What are they drinking from the pot?
Traditional Zulu beer pots called “ukhamba” in the Zulu language, are rimless pots made from fine clay are produced by women throughout the KwaZulu-Natal region.
Pots of this kind are made for serving & drinking a sorgham-based beer that is brewed in larger, roughly made clay vessels. The drinking of this beer is associated not only with the living, but also with the dead, to whom it is offered whenever ritual dictates that the ancestors must be remembered & appeased.
At the beginning of a meal or a visit, the beer pots would be passed around for everyone to drink. The pot would pass from the eldest male to the youngest, and if females were present, which was very rare, the eldest woman would drink, with the pot ending at the youngest.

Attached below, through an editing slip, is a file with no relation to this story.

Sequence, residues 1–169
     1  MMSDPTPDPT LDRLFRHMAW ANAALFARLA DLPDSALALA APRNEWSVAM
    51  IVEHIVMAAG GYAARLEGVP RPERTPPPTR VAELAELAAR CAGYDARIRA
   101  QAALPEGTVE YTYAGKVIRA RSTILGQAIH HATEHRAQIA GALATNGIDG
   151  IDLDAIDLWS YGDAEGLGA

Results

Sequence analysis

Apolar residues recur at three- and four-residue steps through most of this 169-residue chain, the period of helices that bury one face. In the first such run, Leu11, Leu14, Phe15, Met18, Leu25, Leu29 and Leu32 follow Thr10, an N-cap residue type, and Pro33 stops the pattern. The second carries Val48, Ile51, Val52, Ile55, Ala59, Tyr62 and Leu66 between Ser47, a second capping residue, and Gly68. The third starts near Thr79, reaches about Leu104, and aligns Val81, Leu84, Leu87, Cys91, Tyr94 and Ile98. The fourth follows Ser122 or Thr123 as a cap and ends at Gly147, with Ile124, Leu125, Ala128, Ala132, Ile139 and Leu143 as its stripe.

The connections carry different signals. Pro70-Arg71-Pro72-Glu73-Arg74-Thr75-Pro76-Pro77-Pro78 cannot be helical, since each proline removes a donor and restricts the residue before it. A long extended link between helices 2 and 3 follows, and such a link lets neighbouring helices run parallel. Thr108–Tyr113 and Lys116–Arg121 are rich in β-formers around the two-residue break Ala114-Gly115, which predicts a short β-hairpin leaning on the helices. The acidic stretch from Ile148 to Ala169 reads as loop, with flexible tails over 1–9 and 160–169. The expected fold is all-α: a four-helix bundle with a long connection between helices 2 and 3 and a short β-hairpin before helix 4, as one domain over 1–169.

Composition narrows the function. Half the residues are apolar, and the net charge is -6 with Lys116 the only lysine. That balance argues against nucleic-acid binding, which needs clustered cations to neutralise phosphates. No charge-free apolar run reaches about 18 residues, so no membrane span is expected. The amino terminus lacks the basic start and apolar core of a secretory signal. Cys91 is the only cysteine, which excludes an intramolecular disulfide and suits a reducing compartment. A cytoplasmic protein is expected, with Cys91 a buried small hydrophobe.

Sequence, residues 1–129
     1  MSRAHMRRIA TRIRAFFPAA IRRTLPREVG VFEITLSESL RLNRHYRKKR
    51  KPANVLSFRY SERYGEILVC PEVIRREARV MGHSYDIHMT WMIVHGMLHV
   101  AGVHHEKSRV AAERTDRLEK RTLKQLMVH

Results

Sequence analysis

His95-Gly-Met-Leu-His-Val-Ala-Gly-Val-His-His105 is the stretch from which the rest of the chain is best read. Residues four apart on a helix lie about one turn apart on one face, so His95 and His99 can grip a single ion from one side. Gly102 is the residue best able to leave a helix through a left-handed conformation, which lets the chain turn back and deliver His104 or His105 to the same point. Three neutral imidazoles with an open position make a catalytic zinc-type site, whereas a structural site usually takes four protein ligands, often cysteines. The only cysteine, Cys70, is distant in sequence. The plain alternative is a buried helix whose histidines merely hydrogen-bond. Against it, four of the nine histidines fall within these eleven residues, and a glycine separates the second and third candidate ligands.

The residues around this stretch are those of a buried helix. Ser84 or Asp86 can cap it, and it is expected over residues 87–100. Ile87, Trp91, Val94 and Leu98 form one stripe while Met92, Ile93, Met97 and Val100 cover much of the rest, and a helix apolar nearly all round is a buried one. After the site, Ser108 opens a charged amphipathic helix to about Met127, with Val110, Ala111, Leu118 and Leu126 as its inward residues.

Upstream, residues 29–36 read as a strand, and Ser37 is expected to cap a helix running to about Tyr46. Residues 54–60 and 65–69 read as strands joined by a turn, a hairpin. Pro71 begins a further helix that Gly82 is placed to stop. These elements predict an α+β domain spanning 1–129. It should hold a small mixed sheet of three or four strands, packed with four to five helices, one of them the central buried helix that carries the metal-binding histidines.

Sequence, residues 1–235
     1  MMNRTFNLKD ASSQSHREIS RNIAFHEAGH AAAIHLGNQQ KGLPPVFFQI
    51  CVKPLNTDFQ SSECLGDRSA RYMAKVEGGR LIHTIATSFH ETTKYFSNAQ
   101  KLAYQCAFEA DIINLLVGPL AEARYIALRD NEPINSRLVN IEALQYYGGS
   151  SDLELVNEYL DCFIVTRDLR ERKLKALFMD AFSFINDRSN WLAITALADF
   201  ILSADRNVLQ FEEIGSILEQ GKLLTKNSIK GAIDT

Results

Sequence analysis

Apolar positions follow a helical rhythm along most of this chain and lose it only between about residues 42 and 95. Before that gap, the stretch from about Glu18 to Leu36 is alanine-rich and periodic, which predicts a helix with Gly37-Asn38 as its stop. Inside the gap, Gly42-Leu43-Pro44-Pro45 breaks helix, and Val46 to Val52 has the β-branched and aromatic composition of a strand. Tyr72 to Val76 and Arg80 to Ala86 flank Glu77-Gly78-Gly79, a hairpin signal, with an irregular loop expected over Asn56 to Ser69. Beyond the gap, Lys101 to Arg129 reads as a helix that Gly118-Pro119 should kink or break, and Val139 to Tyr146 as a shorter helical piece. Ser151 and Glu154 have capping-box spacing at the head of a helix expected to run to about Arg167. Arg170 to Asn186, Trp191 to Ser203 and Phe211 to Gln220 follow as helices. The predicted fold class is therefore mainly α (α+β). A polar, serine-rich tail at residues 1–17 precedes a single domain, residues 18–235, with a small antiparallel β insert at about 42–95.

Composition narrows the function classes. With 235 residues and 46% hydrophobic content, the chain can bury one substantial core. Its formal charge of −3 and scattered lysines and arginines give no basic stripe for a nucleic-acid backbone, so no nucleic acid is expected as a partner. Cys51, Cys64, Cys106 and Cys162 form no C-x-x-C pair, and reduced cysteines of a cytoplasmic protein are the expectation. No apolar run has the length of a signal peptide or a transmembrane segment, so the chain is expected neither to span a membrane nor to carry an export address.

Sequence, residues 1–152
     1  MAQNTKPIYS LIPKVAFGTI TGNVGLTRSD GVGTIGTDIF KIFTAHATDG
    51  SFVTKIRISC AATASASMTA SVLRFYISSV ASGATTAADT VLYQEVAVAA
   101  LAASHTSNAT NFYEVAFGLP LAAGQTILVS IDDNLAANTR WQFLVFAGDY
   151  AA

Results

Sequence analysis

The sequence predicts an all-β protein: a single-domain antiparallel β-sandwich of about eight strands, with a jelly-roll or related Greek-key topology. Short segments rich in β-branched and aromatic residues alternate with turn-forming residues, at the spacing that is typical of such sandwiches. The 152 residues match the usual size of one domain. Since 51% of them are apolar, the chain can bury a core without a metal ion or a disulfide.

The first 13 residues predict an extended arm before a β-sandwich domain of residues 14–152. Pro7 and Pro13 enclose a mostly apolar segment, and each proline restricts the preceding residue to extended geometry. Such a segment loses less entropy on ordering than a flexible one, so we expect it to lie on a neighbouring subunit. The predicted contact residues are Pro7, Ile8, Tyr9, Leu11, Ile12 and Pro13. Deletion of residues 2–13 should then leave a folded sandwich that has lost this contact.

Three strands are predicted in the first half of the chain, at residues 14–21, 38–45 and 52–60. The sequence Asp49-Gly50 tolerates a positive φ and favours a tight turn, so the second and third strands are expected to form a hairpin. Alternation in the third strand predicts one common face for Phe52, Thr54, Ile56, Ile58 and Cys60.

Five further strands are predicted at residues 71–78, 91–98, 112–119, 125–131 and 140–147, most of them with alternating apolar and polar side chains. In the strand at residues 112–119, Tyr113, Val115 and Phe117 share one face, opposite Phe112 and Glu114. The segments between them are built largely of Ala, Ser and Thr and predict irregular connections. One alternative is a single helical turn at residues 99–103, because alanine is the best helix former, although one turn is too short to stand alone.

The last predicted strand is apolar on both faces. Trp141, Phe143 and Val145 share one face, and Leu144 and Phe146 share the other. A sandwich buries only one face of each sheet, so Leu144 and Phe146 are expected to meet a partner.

The smooth black finish is achieved by re-firing the already baked pots in a dry grass fire, then polished with animal fat to honor the ancestors. The pots were decorated with designs inscribed onto the surface around the opening. This was not only for beauty, but to add grip.
The “ukhamba” range in size from a diameter of 6cm and reaching up to 40cm and more.